Contest overview[edit]

The United Kingdom's Ray Caruana, lead singer of Live Report was outspoken about coming second to what he considered a much less worthy song.[3] They had been defeated by 7 points.

Two of the performers, Nathalie Pâque and Gili Natanael were respectively 11 and 12 years old at their time of competing. Due to bad publicity surrounding their participation, the European Broadcasting Union introduced a rule stating that no performer is allowed to take part before the year of their 16th birthday. This rule remains in place to the present day.[4]

The previous year's winner, Céline Dion, opened the show with a mimed performance of her winning song and a mimed performance of her first English-language single, "Where Does My Heart Beat Now". The song became a top ten hit in the US a year later - effectively launching her into international success.[1]

Voting structure[edit]

Each country had a jury who awarded 12, 10, 8, 7, 6, 5, 4, 3, 2, 1 point(s) for their top ten songs. There was also a change of rule in case of a tie; prior to 1989, both countries would perform their songs again until a final decision was made. However from 1989 onwards, if there was a tie at the end of the voting, the country that scored the most twelves would be declared the winner. If there was still a tie, the winner was the country that scored the most tens. And if there still was a tie after that, both countries would be declared joint winners.

Participating countries[edit]

Conductors[edit]

Each performance (except Austria, Iceland and Germany) had a conductor who led the orchestra.[5][6] Unlike in most years and like in 1988, the conductors took their bows after each song, not before.

Returning artists[edit]

Artist Country Previous year(s)
Marianna Efstratiou  Greece 1987 (as a backing vocalist for Bang)

Results[edit]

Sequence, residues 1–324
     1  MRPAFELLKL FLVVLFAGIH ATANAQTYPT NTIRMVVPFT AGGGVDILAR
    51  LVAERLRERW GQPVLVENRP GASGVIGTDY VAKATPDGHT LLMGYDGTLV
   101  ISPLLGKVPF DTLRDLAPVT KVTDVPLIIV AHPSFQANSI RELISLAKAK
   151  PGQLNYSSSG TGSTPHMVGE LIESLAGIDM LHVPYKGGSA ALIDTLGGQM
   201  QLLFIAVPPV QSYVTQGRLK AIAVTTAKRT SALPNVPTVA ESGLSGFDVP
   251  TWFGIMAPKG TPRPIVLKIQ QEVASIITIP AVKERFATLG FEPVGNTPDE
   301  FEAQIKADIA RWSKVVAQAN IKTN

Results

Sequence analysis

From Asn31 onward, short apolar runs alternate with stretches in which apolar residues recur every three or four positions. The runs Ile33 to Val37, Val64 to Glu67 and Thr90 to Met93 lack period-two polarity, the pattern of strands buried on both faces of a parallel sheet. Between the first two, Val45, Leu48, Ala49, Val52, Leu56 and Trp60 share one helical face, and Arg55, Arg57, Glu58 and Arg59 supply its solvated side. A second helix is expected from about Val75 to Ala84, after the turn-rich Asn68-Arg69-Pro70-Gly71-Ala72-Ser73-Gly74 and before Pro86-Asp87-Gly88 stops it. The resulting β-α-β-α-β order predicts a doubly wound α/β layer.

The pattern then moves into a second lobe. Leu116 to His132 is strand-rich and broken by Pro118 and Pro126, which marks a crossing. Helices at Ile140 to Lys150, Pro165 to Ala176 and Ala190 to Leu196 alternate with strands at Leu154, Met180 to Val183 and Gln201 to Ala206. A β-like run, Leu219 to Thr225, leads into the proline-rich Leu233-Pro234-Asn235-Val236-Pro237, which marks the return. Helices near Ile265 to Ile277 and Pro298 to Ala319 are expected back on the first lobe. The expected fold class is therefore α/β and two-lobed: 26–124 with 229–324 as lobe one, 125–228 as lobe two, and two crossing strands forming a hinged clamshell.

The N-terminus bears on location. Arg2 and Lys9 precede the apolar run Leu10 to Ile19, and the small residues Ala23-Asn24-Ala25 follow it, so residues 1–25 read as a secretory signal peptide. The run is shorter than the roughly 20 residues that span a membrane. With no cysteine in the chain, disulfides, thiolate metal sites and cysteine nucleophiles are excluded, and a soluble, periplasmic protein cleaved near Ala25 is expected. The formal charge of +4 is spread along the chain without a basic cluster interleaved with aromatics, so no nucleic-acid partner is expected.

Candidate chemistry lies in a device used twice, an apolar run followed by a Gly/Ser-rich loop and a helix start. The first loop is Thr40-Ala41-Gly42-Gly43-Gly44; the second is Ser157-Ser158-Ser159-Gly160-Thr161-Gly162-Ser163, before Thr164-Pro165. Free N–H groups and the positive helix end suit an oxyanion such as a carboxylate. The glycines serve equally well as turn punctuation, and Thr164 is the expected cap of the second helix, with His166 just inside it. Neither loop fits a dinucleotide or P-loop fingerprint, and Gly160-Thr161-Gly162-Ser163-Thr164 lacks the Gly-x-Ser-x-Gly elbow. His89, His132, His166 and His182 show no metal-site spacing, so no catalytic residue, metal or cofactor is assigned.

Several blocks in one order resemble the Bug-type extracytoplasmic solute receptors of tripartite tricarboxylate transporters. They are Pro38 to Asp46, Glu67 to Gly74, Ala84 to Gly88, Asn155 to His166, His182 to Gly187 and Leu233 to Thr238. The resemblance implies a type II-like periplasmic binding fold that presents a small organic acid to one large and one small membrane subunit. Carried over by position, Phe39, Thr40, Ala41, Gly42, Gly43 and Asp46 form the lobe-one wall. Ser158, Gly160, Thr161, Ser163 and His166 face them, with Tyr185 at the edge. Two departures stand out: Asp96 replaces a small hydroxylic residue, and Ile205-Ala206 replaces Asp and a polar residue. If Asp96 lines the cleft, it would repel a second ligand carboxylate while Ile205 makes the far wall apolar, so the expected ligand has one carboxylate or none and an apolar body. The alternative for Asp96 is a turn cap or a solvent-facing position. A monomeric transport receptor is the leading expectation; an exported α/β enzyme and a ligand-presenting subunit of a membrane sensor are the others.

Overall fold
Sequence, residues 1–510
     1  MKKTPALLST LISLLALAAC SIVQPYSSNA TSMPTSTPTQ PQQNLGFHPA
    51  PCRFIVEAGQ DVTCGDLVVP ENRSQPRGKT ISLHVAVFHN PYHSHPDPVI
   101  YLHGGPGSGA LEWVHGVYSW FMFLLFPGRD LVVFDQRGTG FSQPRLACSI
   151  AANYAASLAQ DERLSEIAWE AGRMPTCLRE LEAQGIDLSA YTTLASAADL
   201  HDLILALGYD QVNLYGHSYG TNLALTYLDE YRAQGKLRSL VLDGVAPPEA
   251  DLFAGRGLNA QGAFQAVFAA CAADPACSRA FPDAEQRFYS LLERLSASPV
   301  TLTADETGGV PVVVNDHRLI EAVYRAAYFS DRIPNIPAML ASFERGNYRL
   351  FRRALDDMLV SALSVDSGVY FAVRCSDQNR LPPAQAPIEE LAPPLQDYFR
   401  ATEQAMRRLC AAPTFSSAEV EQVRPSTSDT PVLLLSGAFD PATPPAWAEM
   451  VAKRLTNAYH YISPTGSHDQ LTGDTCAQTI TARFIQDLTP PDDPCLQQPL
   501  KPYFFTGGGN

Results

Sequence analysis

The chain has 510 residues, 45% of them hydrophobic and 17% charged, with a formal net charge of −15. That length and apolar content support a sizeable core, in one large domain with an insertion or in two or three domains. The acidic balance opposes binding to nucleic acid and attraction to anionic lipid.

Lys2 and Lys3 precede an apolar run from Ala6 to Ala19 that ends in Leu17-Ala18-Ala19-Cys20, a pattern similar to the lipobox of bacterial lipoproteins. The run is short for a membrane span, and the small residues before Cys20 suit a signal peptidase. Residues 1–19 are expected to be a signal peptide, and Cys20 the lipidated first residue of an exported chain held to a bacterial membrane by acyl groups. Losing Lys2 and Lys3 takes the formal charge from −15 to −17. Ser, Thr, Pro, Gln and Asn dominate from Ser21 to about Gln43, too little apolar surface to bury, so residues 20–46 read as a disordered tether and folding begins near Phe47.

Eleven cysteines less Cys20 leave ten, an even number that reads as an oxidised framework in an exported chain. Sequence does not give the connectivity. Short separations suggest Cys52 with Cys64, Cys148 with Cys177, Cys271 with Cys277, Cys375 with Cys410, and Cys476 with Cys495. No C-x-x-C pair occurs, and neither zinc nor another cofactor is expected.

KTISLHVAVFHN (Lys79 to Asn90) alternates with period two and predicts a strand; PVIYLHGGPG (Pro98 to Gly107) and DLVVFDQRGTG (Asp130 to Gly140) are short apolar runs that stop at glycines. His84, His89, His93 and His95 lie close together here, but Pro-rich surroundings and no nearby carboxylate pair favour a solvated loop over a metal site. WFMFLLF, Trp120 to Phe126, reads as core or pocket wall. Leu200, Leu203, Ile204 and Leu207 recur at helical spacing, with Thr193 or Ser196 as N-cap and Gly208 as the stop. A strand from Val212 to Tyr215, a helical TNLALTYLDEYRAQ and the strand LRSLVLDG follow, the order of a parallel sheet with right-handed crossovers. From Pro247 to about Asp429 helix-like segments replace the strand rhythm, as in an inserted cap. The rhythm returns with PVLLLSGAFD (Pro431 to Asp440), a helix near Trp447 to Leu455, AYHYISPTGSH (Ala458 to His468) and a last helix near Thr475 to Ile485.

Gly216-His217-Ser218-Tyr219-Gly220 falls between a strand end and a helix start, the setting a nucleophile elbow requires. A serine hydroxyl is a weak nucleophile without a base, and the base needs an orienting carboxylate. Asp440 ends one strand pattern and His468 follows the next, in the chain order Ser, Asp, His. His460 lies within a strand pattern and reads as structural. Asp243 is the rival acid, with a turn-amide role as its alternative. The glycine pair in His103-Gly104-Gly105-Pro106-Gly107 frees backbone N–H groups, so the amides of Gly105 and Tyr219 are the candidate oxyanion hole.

Draw Country Artist Song Language[7][8] Place[9] Points
01  Italy Anna Oxa & Fausto Leali "Avrei voluto" Italian 9 56
02  Israel Gili and Galit "Derekh Hamelekh" (דרך המלך) Hebrew 12 50
03  Ireland Kiev Connolly and the Missing Passengers "The Real Me" English 18 21
04  Netherlands Justine Pelmelay "Blijf zoals je bent" Dutch 15 45
05  Turkey Pan "Bana Bana" Turkish 21 5
06  Belgium Ingeborg "Door de wind" Dutch 19 13
07  United Kingdom Live Report "Why Do I Always Get it Wrong?" English 2 130
08  Norway Britt Synnøve Johansen "Venners nærhet" Norwegian 17 30
09  Portugal Da Vinci "Conquistador" Portuguese 16 39
10  Sweden Tommy Nilsson "En dag" Swedish 4 110
11  Luxembourg Park Café "Monsieur" French 20 8
12  Denmark Birthe Kjær "Vi maler byen rød" Danish 3 111
13  Austria Thomas Forstner "Nur ein Lied" German 5 97
14  Finland Anneli Saaristo "La dolce vita" Finnish 7 76
15  France Nathalie Pâque "J'ai volé la vie" French 8 60
16  Spain Nina "Nacida para amar" Spanish 6 88
17  Cyprus Fani Polymeri and Yiannis Savvidakis "Apopse as vrethume" (Απόψε ας βρεθούμε) Greek 11 51
18   Switzerland Furbaz "Viver senza tei" Romansh 13 47
19  Greece Marianna Efstratiou "To diko sou asteri" (Το δικό σου αστέρι) Greek 9 56
20  Iceland Daníel Ágúst Haraldsson "Það sem enginn sér" Icelandic 22 0
21  Germany Nino de Angelo "Flieger" German 14 46
22  Yugoslavia Riva "Rock Me" Serbo-Croatian 1 137

Scoreboard[edit]

Voting results[10][11]
Total score
Italy
Israel
Ireland
Netherlands
Turkey
Belgium
United Kingdom
Norway
Portugal
Sweden
Luxembourg
Denmark
Austria
Finland
France
Spain
Cyprus
Switzerland
Greece
Iceland
Germany
Yugoslavia
Contestants
Italy 56 7 10 12 6 2 4 7 8
Israel 50 1 7 3 2 5 5 5 7 5 3 7
Ireland 21 7 3 3 2 4 2
Netherlands 45 10 3 3 1 4 4 7 6 1 6